Hawaii women’s volleyball: Irvine pulls off reverse sweep stunner

The UC Irvine Anteaters charged the court after stunning No. 11 Hawaii in five sets. / Photo by Cindy Ellen Russell, Star-Advertiser

UC Irvine coach Ashlie Hain did not call it the biggest win in program history.

Not even after her Anteaters beat traditional women’s volleyball powerhouse Hawaii for the first time in 41 meetings. At the Stan Sheriff Center. With the Rainbow Wahine ranked No. 11. With her team trailing by two sets through two played.

Irvine ignored the increasingly desperate pleas of “Let’s Go Bows!” and pulled off the reverse sweep stunner, 11-25, 21-25, 25-23, 25-16, 15-13.

The 5,265 fans were finally stunned silent. Their team, which had lost only to now-No. 1 Baylor, on the road, had succumbed to a struggling program that could’ve been expected to fold after getting waxed in the first set.

On paper, it was hard to make sense of what they’d just witnessed, even with Jolie Rasmussen still out injured and Brooke Van Sickle apparently ailing midway through the match. But it became increasingly understandable, perhaps inevitable, seeing the energy with which the visiting Anteaters played and that which UH lacked.

“For me it’s about just growth and I’m just proud of this team for what they did tonight,” said Hain, a former UCI setter. “It wasn’t necessarily the win over Hawaii. It was a win over a great team at their place. And I’m just proud of this team for all they’ve been through. To pull out that win means a lot, and it’s not just about beating Hawaii and whatever they are, the No. 11 team in the country. It’s what they’ve overcome the last five weeks.”

Irvine (4-12, 1-3 Big West) had lost its last four matches, including all three of its conference matches last week, winning in four. It had won just 14 sets all season and dropped 40. Forty-two, if you include the first two the Wahine took on Friday night.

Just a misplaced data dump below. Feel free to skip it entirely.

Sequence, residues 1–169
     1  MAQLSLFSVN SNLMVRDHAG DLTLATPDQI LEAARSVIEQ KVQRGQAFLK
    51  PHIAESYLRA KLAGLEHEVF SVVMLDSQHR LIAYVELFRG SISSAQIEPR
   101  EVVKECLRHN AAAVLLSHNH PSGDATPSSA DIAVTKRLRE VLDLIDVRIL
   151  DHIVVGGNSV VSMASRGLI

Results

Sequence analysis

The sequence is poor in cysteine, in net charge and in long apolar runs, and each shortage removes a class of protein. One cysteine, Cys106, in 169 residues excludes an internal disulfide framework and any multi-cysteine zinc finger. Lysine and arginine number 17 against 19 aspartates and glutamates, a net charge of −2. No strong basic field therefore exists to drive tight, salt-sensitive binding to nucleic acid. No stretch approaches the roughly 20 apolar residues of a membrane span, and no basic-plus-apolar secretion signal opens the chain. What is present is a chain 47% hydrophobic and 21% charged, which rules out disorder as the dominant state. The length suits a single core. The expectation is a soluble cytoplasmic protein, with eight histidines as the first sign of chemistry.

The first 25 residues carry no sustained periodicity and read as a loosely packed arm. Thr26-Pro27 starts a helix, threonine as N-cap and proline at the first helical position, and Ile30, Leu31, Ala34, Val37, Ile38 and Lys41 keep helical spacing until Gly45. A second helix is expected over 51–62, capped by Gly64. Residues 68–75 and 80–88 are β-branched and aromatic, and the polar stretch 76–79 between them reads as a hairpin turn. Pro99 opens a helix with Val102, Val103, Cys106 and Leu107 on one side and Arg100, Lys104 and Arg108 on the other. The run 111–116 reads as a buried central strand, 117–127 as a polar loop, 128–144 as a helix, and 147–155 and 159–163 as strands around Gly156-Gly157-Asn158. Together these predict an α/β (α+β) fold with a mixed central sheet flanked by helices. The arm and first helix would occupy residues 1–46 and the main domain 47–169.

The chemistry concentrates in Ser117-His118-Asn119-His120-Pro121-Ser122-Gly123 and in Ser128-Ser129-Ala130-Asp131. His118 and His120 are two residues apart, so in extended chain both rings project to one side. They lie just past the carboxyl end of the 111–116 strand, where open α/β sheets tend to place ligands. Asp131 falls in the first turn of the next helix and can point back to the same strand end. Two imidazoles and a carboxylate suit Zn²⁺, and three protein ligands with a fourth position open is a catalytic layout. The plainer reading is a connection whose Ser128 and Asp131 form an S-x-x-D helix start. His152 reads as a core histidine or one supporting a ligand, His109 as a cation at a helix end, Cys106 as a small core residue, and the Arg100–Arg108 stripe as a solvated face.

“We just decided we have nothing to lose and just go for everything. Just give it our all,” said Irvine’s 6-foot-3 freshman middle/hitter Onye Ofoegbu, who put down the match-winning kill among her 13. “Because this is what we all want and we decided let’s go as a team and let’s get it.”

UH (12-2, 2-1) had struggled to cleanly put away its conference foes at Long Beach State and Cal State Northridge last week. This time, at home, they paid for allowing a team to hang around.

Things turned in the Anteaters’ favor late in the second, when UH labored to win that frame. They eked out the third and won the fourth convincingly, shouting at each other on big points, of which there were many.

Just when it looked like things swung back UH’s way at the start of the fifth, came a critical series of events — events decided on the replay monitor courtside. After it appeared the Wahine had taken a 2-0 lead, Hain challenged that UH had committed four touches on the second point, and won it, to make it 1-1. The crowd, incensed, raised their chants to the loudest of the night in support of their team.

Then, a ball was shanked toward the Anteater bench, and near the sideline table. But a scrambling Anteater collided with a Spectrum cameraman sitting next to the UCI bench. UCI challenged for interference and, in a huge call, was granted a replay of the point.

UCI did not waste the extra chance. Ofoegbu put down a kill and Abby Marjama followed with an ace to go up 3-1. The Anteaters took leads of 7-2 and 8-3 before UH rallied to 12-12 on Norene Iosia’s serve.

There were several more replays in the stilted fifth frame.

“We visualized if we lost the point (challenge) or got the point, we decided what we were going to do in either situation, and we executed what we visualized beforehand,” Ofoegbu said.

The ‘Eaters proved tough to put away again, as McKenna Ross (into the net) and Hanna Hellvig (wide) committed attack errors to set up match point.

UH had a point upheld on an Irvine service error on a tense challenge — if Irvine won it the match was over right there — to get the Wahine within 14-13.